Universal soul has itself for support or for substratum the primordial corporeal substance which is the vibrating and vibrated fluid that we call od, ob and aour.28 . . .
The occult soul is one, ad God is one, universal as himself, but through him. It is this soul that the BIble calls absolute man, this name including also the spirit of angels and the soul of the stars. This soul is “universal man” or the great Adam, the Adam Kadmon of the Kabalists. It is he who is the Macroprosopus of the “Sohar,” it is in him that we live, and move and have our being, as he lives and moves and has his being in God,29 who black mirage he is. . . .
1. The giants of Enoch.—Translator.
2. In other words, it is the confession of Vedantic faith: “All this universe indeed is Brahm; from brahm does it proceed; into Brahm it is dissolved; in Brahm it breathes.”
3. The term “created” is a perfect misnomer when used by an Occultist, and always a blind in the works of Éliphas Lévi, who is quite aware of the fallacy implied in the word “Creation,” in the theistic sense, and shows this repeatedly in his writings. It is the last tribute, we hope, paid by our century to an unscientific dogma of the Past.
4. Again an incorrect term. A “spirit” is––spirit only so long as it is formless and arupa; and it loses its name as soon as it becomes entangled in matter or substance of any kind known to us. A “Spiritual Entity” would answer better.
5. So little was E. L. “ignorant” of the nature—and ultimate destiny—of animals that he devotes to this a number of pages in his Dogme et Rituel de la Haute Magie. No true Occultist can be in the dark upon this subject. The prudent author pandered, we are afraid, to public prejudice and superstition.
6. Or the highest Dhyan Chohans of Occultism. At the beginning of Manvantara, the Fohat which they radiate awakens and differentiates Mahattattva, itself the radiation of Mulaprakriti.
7. Among the Hindus Kasyapa (Brahma) begets the Adityas (Dhyan Chohans).
8. This is the doctrine of the Manvantaric and 1st Pralayic periods plainly taught in Esoteric Buddhism.
9. The “giants” of Genesis who loved the daughters of men: an allusion to the first prehuman (so to say) races of men evoluted, not born—the Alpha and the Omega of Humanity in this our “Round.”
10. A “blind” action does not necessarily constitute an undeniable proof that the agent it emanates from is devoid of individual consciousness or “intelligence.” It may simply point out the superiority of one force over the other, domineering, and hence guiding forcibly the actions of the weakest. There are no “blind” forces in nature in the sense the author places on the adjective. Every atom of the universe is permeated with the Universal Intelligence, from the latent spark in the mineral up to the quasi-divine light in man’s brain. It is all as E. L. says “action and reaction,” attraction or repulsion, two forces of equal potentiality being often brought to a dead standstill only owing to a mutual neutralization of power.—Translator.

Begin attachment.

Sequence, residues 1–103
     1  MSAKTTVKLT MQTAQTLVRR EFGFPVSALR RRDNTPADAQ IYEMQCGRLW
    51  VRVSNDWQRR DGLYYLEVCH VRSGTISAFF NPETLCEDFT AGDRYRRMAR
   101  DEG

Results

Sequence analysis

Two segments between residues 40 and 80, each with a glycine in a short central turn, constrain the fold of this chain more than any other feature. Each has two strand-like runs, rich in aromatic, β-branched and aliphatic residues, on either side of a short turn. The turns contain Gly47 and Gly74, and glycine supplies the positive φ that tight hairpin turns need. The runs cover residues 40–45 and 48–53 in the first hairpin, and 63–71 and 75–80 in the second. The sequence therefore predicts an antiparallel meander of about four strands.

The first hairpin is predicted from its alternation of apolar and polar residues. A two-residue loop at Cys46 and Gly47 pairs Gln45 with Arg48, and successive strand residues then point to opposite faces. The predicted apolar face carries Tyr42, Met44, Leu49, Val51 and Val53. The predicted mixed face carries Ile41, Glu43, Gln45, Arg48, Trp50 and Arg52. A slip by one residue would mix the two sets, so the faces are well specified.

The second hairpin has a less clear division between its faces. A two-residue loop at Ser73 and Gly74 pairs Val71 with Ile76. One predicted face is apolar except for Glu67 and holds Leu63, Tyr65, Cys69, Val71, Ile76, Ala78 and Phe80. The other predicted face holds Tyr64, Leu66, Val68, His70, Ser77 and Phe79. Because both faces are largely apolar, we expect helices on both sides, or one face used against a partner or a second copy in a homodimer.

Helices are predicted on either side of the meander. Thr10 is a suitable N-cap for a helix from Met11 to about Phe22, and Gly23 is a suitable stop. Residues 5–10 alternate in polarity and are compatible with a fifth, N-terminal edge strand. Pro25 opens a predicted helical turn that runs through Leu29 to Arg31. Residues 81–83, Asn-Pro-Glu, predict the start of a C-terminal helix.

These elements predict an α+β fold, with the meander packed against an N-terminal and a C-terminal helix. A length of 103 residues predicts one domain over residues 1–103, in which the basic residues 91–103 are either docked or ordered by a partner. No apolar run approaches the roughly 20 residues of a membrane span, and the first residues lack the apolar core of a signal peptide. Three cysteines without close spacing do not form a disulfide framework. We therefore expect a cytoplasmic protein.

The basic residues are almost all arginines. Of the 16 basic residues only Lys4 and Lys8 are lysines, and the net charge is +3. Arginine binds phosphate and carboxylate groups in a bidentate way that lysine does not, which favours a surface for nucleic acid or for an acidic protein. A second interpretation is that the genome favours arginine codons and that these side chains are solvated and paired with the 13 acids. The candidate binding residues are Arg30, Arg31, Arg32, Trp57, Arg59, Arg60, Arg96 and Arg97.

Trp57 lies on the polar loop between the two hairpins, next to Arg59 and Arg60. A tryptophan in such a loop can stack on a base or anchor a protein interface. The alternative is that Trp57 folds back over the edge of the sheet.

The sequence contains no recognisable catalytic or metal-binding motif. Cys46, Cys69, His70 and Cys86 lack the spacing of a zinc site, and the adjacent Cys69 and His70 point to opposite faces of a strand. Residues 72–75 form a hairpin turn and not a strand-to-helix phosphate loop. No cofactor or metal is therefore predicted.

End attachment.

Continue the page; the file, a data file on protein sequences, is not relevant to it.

11. E. L. says “you regard”; for, he himself, as an Occultist, does not so regard them. The real occult doctrine upon solar physics is given out plainly enough in the September number of The Theosophist (1883), Art. Replies to an English F. T. S.
12. The seventh and last race of the seventh Round.
13. Read Esoteric Buddhism and compare both the phraseology used and the doctrines taught.
14. The “central sun” whence emanates and whither returns intelligence scattered throughout the universe. It is the one eternal universal focus, the central point “which is everywhere and nowhere” outbreathing and inbreathing its ever radiating rays. The “Soul of the just” is Avalokiteswara “made in the image and likeness” of Adi Buddha, Parabrahm.
15. Here the annihilation of “personality” is clearly hinted at, though the French Kabalist would have never dreamt, nor dared to declare the “bitter” truth as plainly as we are doing. Had we from the beginning assumed the policy of pandering to people’s prejudices and undeveloped ideas and given the name of “God” to the spiritual side of nature and of Creator to its physical potencies and called Spirit—Soul and vice versa, as necessary for concealing the unwelcome features of the doctrines taught—we would have had nearly all our present enemies on our side. Honesty, however, does not seem always the best policy,—not in the teaching of Truth, at any rate. We know of Western Occultists—among them pupils of Éliphas Lévi––who oppose the occult doctrines of the East as outlined in Esoteric Buddhism imagining them opposed to the Kabalistic doctrines and far more materialistic, atheistic and unscientific than those of their masters—the Judeo-Christian Kabalists. Let them understand well the real meaning of the comparison made by Éliphas Lévi, and see whether it is not in other words a perfect corroboration of the Eastern doctrine of the “survival of the fittest” in its application to the human personal soul. The “furnace of Nature” is the eighth sphere. When man fails to mould his soul “in the image and likeness of the great Adam”—we say of—Buddha, Krishna, or Christ (according to our respective creeds)—he is “a failure of nature” and nature has to remould the cast before it can launch it again on the shoreless Ocean of Immortality. “Statues—die,” in the words of E. L.—the metal of which they are cast “the perfect statue” never dies. It is a pity that Nature should not have consulted the sentimental prejudices of some people, and that so many of her great secrets and facts are so rudely opposed to human fictions.